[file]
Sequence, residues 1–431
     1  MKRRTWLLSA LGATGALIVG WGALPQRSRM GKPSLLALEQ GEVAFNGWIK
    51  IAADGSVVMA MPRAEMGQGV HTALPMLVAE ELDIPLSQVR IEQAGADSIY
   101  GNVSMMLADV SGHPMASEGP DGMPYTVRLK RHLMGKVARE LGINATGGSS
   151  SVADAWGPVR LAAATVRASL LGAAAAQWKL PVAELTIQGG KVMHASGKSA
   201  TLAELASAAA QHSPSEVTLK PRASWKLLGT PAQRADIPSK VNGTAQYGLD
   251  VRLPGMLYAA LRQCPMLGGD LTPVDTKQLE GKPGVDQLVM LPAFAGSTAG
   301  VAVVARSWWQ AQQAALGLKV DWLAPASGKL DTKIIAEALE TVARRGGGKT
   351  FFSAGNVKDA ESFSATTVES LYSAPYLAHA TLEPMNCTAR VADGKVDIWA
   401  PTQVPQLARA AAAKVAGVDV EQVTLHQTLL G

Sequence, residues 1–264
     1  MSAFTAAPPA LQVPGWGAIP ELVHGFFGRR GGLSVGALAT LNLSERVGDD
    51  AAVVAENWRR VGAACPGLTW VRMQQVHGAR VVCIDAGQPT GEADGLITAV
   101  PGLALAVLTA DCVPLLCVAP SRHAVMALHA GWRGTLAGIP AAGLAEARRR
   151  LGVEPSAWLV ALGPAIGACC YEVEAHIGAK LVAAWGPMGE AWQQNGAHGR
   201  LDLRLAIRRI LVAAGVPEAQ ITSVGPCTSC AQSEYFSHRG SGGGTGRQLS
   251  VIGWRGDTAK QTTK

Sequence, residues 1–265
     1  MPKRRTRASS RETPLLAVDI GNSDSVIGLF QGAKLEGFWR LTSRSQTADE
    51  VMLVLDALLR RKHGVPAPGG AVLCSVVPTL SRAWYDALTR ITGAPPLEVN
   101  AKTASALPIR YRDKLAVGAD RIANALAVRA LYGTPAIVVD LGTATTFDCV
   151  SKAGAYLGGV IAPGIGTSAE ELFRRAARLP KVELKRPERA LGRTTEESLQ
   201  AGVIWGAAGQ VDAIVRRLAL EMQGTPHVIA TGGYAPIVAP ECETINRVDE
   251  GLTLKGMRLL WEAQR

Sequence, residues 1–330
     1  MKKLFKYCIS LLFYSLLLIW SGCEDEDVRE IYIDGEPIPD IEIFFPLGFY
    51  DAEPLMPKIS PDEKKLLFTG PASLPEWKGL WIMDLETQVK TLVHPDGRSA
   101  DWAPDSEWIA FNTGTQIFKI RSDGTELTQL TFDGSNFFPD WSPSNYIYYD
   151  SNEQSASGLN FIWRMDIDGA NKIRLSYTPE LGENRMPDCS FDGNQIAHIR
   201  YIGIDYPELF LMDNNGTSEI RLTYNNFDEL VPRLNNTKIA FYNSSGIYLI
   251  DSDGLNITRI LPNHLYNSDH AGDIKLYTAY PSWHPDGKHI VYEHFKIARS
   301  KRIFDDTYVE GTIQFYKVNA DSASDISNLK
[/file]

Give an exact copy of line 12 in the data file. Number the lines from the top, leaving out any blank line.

     1  MSAFTAAPPA LQVPGWGAIP ELVHGFFGRR GGLSVGALAT LNLSERVGDD